Cindy and Stu Turner faced a dilemma.
This was a Saturday morning back in early March 2018. The Turners’ oldest daughter, Kelly, was turning 30 and the long-planned birthday celebration was set for that night.
Then they got a call from their youngest child, son Matt, who had some exciting news of his own. He’d just been informed he would be starting his first professional soccer game for the New England Revolution, in goal against the Philadelphia Union. The game was set for … that night.
What to do?
“It was a tough call, but Matt had been waiting for over two years,” Cindy said.
“We went to Philly.”
Tough as it was to choose, it felt right. Who knew how many more chances Matt might get?
Having already beaten long odds and upended traditional narratives in his soccer career, that game might have been Matt’s crowning achievement. The kid who didn’t pick up the game until his late teens, the kid who didn’t start for his high school team until midway through his junior season, the kid who would receive only one Division 1 college offer, the kid who wouldn’t start for that Fairfield team until, again, his junior year, the kid who would not receive an invitation to the MLS Combine but would sign with the Revolution through invited tryouts, the kid who would spend two years shuttling from New England to Richmond, Va., to get playing time in the USL, that kid had just hit the big time.
No way his parents could miss it.
“I don’t think anyone understands that we had no idea then where this journey would go,” Cindy said. “It went on that way for years. I was always like, ‘Is he going to play, is he going to play?’ ”
Turner’s answer to that question, his journey from little-known MLS third-stringer to earning a June 2022 transfer to Premier League powerhouse Arsenal, represents one of the most remarkable, most impressive stories of the upcoming World Cup. Is he going to play? Boy, is he.
Come Monday, when the US men open their World Cup journey against Wales, Turner is a virtual lock to start in goal, his ascension to the top spot nothing short of amazing.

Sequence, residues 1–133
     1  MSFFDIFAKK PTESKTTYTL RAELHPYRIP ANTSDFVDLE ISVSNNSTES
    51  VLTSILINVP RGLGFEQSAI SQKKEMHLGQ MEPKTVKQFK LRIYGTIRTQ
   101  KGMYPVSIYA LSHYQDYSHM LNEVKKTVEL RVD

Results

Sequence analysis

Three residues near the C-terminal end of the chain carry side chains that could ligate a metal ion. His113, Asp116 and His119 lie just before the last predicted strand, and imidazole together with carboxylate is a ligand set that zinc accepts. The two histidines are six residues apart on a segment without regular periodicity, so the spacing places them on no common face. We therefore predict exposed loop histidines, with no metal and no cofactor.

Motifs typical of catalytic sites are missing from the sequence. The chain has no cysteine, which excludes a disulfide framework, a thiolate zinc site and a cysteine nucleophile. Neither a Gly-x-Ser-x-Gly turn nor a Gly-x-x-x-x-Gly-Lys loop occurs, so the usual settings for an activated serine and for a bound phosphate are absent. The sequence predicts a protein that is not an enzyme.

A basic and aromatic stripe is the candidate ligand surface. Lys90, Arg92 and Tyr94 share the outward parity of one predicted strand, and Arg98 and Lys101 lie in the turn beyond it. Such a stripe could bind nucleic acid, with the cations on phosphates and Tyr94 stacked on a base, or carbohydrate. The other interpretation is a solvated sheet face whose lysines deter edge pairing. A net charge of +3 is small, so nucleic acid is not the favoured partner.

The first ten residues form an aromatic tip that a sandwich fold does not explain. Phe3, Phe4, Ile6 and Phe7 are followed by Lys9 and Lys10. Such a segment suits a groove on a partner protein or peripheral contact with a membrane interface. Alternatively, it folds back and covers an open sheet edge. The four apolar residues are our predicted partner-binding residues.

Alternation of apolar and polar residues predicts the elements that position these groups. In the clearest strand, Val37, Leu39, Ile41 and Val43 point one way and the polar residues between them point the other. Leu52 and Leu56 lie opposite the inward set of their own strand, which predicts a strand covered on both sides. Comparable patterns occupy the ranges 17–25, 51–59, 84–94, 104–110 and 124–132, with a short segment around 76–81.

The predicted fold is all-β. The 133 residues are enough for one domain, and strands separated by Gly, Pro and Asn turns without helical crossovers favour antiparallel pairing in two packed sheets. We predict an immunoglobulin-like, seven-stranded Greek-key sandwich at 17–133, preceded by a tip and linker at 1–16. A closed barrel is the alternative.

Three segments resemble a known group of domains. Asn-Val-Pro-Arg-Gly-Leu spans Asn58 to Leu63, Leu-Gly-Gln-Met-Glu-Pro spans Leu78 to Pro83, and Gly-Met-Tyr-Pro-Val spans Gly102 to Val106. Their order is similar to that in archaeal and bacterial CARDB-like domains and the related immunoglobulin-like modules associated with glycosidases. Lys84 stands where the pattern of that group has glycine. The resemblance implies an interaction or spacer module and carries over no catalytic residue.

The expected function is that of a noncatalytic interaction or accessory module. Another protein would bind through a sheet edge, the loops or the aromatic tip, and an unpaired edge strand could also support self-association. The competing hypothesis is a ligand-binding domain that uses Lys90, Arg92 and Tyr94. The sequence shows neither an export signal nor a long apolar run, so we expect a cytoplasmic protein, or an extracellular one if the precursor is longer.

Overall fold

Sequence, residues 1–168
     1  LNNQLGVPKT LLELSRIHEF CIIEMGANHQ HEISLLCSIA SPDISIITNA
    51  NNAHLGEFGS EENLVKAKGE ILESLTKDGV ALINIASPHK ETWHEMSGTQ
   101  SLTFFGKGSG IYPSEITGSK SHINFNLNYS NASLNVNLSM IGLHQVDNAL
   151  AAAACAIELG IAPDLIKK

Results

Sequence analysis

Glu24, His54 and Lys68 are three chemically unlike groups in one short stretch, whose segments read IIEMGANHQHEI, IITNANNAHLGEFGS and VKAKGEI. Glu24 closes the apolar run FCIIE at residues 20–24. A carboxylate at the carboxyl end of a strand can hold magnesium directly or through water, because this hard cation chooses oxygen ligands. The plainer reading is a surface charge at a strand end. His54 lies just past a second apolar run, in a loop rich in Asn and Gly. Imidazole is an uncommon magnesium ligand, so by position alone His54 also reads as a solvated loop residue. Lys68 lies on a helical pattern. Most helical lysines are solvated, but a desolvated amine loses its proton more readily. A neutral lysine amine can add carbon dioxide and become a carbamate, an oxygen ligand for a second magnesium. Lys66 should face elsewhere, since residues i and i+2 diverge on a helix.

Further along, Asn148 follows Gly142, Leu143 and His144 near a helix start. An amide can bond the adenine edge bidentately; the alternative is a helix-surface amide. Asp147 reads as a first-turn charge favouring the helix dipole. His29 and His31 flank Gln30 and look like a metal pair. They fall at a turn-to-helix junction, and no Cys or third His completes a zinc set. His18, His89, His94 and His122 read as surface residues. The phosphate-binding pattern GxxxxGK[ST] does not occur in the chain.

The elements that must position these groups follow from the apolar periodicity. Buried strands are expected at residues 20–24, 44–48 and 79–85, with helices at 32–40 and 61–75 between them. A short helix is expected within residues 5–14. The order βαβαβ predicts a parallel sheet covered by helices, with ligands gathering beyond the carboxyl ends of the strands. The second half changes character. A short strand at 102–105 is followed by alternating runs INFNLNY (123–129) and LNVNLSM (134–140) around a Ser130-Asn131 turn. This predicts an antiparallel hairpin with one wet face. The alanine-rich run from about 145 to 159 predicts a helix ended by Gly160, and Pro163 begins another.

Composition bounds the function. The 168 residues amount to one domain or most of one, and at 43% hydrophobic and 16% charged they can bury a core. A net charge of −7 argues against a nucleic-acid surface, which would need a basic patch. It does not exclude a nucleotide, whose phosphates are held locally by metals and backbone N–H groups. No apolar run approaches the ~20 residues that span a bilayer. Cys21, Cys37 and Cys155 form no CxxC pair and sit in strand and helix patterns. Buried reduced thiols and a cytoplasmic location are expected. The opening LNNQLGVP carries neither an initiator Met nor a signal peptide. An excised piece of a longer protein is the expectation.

“It’s crazy. Bananas, even,” Turner said to reporters in Qatar. “It’s stuff that you wouldn’t even think to write about because it’d be like, ‘Oh, that doesn’t even make sense. That’s not real.’
“It’s a pretty wild story compared to the people that I share the locker room with every day and their upbringing through the game. It’s a unicorn, so it’s cool.
“I just hope it goes to show somebody, someday if they’re wavering on whether or not to play the sport or thinking it’s too late to do something either sports-wise or in their personal life, that they can still achieve it.”
Turner’s story began in a small New Jersey town approximately 30 miles east of New York City. With a population that hovers around 38,000, Park Ridge is the type of place where it feels like everyone knows everyone, where all the kids play on the same teams and on the same playgrounds, where Matt, the only boy behind Kelly and Michelle, had to work extra hard just to match his sisters’ exploits (not to mention his mother’s) on the soccer and softball fields.
“He’s got older cousins, too, themselves very good athletes,” Stu recalled. “His sisters were very good athletes. He was the youngest of all of them. He just always played up in age groups, so he always had to work hard and he always did.
“But it’s still, I sort of wake up and still pinch myself, sit here and I’m watching this, I see him on TV, playing for Arsenal, asking, ‘Am I really seeing him in an Arsenal jersey?’ It really doesn’t seem real. It seems like a dream.”
From Park Ridge to college in Connecticut to truly finding his footing in Boston, anchoring the Revolution to a Supporters’ Shield in 2021, Turner just kept getting better, his natural shot-stopping ability honed and enhanced as he learned the nuances of the position.
Eventually, he earned himself a Team USA jersey and, again, fought his way to the top, backstopping a thrilling Gold Cup tournament win in the leadup to World Cup roster selection, ultimately edging out veteran Zack Steffen for the trip to Qatar.
The journey, and the feeling of wearing that red-white-and-blue crest, is one Tony Meola understands well, having been the US men’s goalkeeper for the World Cup in 1990, 1994, and 2002. But even Meola, an MLS broadcaster and longtime host of soccer programming on Sirius radio who will be covering the upcoming tournament, didn’t see the Turner story coming.
“I remember when he came into [MLS], when [then-Revolution] coach Brad Friedel gave him an opportunity, thinking, ‘Who is this Matt Turner guy?’ ” Meola said. “I was in contact with Brad, we’d worked together with some youth national teams, and he told me, ‘I’ve got a guy that’s a project, but I think he could be good.’ He hit the nail on the head.
“When I think about it, that’s when I became aware of him. I can’t say that I followed the Fairfield University schedule, but I’m sure I’m not the only one. The good thing is we are all aware of him now.”
Cindy and Stu can laugh now about the choice they had to make 4½ years ago, even if it took a little time to earn Kelly’s forgiveness for missing her party. No conflict this time around. With a Saturday evening flight booked to Qatar, Matt has long since answered their question.
He is going to play.
And it’s a heck of a story.